The Meaning of Hahamongna

The original settlers of the region were sometimes called the Hahamongna Indians. The word means "Flowing Waters, Fruitful Valley" in the native Tongva language.

Hahamongna News

Title:

Rare, endangered bird spotted in Pasadena, San Gabriel River

Subtitle:

Date:

2012-10-01

Author:

Steve Scauzillo, SGVN

Publication:

San Gabriel Valley Tribune

Content:

Mark Hunter, right, of La Canada and a member of the Pasadena Audubon Society and Laura Garett of Pasadena, Conservation Chair of Pasadena Audubon Society, looking for birds at Hahamongna in Pasadena Tuesday, September 18, 2012. (SGVN/Photo by Walt Mancini)

It's a small, gray songbird that's so defenseless it can't even protect its young from marauding cowbirds who devour its chicks and take over its nest.
Yet, the least bell's vireo - a shy bird found only in California's diminishing wetlands - has miraculously fought off extinction and could spark a SoCal-style face-off between developers and conservationists.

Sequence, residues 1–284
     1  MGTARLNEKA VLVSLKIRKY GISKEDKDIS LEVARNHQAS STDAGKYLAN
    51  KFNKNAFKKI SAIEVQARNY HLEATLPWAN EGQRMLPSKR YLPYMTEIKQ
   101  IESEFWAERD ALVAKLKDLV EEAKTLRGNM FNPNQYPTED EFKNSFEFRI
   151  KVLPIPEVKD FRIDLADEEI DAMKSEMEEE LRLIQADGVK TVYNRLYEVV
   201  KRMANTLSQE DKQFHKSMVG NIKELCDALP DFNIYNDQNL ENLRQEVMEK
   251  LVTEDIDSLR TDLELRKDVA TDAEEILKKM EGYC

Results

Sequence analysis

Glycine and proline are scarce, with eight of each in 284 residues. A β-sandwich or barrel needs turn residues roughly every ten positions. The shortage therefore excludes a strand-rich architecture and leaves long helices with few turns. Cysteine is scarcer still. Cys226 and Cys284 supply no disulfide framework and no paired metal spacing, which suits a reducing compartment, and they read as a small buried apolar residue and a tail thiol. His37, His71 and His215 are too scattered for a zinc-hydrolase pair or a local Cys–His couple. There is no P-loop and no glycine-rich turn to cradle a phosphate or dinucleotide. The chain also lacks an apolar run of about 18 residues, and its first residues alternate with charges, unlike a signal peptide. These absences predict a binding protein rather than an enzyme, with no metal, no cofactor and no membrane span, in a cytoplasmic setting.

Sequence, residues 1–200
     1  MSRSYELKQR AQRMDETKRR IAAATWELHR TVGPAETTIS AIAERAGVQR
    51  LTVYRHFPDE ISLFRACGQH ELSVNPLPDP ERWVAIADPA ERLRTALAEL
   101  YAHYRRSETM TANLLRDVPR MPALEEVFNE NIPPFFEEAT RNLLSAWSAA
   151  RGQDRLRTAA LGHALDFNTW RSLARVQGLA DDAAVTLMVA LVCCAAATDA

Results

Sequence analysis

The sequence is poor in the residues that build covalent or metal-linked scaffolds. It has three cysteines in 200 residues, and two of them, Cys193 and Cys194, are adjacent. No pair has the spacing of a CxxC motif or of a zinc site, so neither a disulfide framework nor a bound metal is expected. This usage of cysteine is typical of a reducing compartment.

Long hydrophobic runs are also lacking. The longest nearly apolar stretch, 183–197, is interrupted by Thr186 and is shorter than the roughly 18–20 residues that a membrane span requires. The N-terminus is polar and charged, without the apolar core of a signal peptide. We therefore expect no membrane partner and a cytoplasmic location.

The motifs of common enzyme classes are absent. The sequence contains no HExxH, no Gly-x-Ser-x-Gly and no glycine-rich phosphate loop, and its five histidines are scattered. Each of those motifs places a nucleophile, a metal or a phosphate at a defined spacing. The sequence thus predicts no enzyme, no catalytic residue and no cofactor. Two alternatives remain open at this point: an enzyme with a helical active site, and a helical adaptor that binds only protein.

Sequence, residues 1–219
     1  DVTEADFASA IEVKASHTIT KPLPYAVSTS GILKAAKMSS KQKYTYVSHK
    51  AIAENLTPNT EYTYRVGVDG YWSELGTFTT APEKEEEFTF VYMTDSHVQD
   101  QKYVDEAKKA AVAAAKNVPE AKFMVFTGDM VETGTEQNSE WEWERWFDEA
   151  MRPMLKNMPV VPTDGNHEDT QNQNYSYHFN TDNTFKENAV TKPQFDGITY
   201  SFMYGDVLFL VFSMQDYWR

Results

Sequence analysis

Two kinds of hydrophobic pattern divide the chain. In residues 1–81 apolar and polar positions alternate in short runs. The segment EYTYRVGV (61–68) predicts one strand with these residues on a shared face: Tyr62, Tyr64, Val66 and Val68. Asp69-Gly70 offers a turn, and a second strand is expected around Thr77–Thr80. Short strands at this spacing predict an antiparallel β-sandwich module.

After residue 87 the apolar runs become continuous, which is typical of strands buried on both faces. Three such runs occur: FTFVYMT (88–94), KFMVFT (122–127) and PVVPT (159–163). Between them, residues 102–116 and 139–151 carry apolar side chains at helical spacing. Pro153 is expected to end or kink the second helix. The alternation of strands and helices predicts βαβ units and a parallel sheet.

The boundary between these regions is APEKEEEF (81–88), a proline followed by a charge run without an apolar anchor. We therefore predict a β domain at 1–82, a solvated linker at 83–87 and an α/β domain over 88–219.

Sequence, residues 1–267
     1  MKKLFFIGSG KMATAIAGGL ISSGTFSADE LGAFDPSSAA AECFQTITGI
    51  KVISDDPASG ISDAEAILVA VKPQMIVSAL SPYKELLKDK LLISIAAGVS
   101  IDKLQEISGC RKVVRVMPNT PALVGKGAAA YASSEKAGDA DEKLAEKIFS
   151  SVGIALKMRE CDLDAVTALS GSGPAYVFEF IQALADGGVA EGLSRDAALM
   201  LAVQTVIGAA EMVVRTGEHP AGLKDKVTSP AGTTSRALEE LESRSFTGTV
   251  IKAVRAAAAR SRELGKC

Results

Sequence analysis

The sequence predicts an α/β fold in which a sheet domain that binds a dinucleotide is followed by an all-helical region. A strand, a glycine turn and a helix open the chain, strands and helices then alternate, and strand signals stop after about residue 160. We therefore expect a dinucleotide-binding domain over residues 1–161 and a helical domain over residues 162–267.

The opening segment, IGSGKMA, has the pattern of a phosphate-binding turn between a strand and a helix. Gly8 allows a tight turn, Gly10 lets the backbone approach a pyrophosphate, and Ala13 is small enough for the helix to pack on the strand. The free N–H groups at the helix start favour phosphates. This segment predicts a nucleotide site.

Two sightings of the bird in the San Gabriel Valley this summer have conservationists happily canceling the bird's obituary. The least bell's vireo has been on the federal endangered species list since 1986.

One bird was spotted along the San Gabriel River between Duarte and Azusa in late April. A pair - most likely a mother and baby - was found on July 15 at Hahamongna Watershed Park in Pasadena, according to the U.S. Fish and Wildlife Service and local birding groups.

At both locations, ornithologists and local birders who keep detailed records of birds species in the area, say the endangered bird had not been seen in these locations in decades.

The two least bell's vireos seen at Hahamongna during several weeks in July and August could put a stop to plans by the city to build a second soccer field at the park.

"This is very early (in the park project), but (the bird sighting) does provide a heads up," said Jane Hendron, a spokesperson for U.S. Fish and Wildlife's Carlsbad Office, which has jurisdiction in Los Angeles County.